What is the top HR most expensive mistake?
Per People Management, it is avoiding those difficult conversations.
The CMI (Thursday 02 July 2020) cite the trickiest conversations as:
1. Pay packets – 33%
2. Inappropriate behaviour in the workplace – 31%
3. Feedback on poor performance – 30%
4. Promotions – 23%
5. Sex – 19%
6. Relationship break ups – 17%
7. Family relationships – 16%
8. Money – 16%
9. Health – 15%
10. Letting someone go from a job – 10%
Let’s discuss what to consider to help you have the conversations needed.
- Consider the purpose of the meeting
What is the reason for this conversation? You need to be clear in your mind.
And think about what you’re hoping to achieve. You will need to remember this throughout the discussion. You could be anticipating the team member takes ownership of seeing tasks though to the end, or identifies how they will stop being late in meetings and agrees on an implementation plan. Whatever it is, the thing to consider is, unless the jobholder takes ownership then any potential outcomes are likely to fail.
In certain circumstances, you will find the outcome will be fixed, particularly if a disciplinary or grievance case. Remember how you approach the discussion will make a huge difference. Think positive!
- Understand your emotional state
Being in the heat of the moment is not a good place for a conversation. Find a way of removing the emotion from your side to enable the best results. If you are struggling take some time out such as a cup of coffee or walk, or hold off the conversation for a day. These meetings need to be carried out in an adult to adult manner. Managing your emotions will help the participant and make it easier for them.
Understanding how you feel about the issue before you commence the meeting is crucial and keeping your mind in an open state gets the best results. Go in all guns blazing with your viewpoint set and you will see your participant switch off.
One thing to bear in mind, is, what are your unconscious biases? Don’t let these affect the conversation and relationship with the person. Taking time to understand your biases can make a huge difference and over time you will get to realise when they are surfacing.
Sometimes it can feel hard having the conversation because you get on well with the person and you are finding it embarrassing or feel angry that you have been put in this position. The need at this stage is to put your feelings to one side and detach yourself. This is about being fair and professional. This is where keeping the discussion to facts will help.
Frame your approach to be compassionate and tolerant.
- Consider a strategy for your meeting
Most meetings are virtual at the moment which can make it harder. Make sure you plan to cover
- The reason for the meeting
- How you see the issue
- The other person’s insights and thoughts
- Sharing of a way forward
- An agreed conclusion with the person taking ownership of what is needed
Before the meeting have all your facts and evidence pulled together. Consider whether you need to share reports and other data. It is better if you have the opportunity to share ahead of the meeting, but it is not always possible.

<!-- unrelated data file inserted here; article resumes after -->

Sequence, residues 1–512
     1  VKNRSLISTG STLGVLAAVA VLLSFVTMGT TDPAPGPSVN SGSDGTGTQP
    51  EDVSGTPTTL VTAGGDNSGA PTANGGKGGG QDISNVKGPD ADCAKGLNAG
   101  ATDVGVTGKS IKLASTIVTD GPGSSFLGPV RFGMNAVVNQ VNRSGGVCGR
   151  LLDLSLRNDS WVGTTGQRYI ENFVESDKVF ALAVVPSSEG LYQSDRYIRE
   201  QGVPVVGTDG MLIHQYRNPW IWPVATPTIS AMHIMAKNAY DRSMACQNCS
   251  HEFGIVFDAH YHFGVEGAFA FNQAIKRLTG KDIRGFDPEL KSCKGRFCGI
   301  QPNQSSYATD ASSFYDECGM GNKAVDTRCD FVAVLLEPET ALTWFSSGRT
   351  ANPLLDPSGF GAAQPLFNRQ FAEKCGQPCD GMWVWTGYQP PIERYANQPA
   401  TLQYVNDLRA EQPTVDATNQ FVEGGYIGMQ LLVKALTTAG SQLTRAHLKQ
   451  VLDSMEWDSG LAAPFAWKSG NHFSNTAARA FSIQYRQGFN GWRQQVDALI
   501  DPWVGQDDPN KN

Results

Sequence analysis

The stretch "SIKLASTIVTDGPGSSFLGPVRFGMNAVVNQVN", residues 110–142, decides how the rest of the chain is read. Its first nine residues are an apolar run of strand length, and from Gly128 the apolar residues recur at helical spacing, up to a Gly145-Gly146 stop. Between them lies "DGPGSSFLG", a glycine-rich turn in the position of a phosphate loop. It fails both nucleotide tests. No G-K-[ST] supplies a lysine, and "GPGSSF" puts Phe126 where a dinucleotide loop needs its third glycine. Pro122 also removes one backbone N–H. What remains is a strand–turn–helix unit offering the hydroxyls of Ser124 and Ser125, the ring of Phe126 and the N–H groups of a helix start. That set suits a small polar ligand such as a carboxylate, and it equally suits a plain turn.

Often meetings go wrong because the person feels under attack and then goes defensive. Think about the language you are using and the body language you are showing, even on camera. Active listening has a key part to play in any type of meeting. On-screen it is much harder to demonstrate, so use questions and summarising. Don’t get distracted, turn your phone off and really concentrate on what the team member is saying. On camera, lean forward and show you are interested.
Shouting, insulting and being intimidating is a complete no,no!
If it is a face to face meeting, arrange the chairs so it is a more relaxed setting and go prepared with tissues, if you think you may need them. Consider whether arranging to take drinks in will diffuse the situation slightly and create a more relaxed atmosphere.
Think about how you want to start the meeting but don’t make it so formalised that it sounds stilted and puts your team member on the spot.
- Be fair to the other party
Giving the other person time to prepare too, can be a good idea. Unless it is a disciplinary or grievance, other issues should be no surprises. If the issue is delicate then don’t give a long preparation time though as we all worry and build it up in our mind. By giving this notice, you are being sensitive. If you feel the person will build the meeting out of proportion, consider your wording and detail you are sharing carefully. The last thing you want is the person going off sick or escalating the issues.
Share the reason for the conversation with a general overview of the issues to discuss, but don’t go in-depth with the detail. If they ask for more information, then state you will discuss in the 1-2-1.
You know your team member so you are the best person to judge how the news will be received and what is the best way to proceed.
Struggling with the difficult conversations issue?
Fed up because your manager’s aren’t having the needed conversations?
You know if it is left, you could have bigger problems, like grievances, bullying claims, unfair dismissal and employment tribunals but finding the time is a real headache.
Let me make your life easier.
My Making Difficult Conversation easier package creates managers who have confidence and the ability to hold the difficult conversations and take the actions needed.
Making your life a lot less stressed and letting you breathe again
Book a discovery call now.